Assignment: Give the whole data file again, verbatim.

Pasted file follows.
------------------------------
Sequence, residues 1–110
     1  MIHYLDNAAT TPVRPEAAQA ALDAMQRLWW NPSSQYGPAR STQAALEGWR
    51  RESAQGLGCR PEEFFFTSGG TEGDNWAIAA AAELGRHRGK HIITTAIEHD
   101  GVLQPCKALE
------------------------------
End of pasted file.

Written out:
Sequence, residues 1–110
     1  MIHYLDNAAT TPVRPEAAQA ALDAMQRLWW NPSSQYGPAR STQAALEGWR
    51  RESAQGLGCR PEEFFFTSGG TEGDNWAIAA AAELGRHRGK HIITTAIEHD
   101  GVLQPCKALE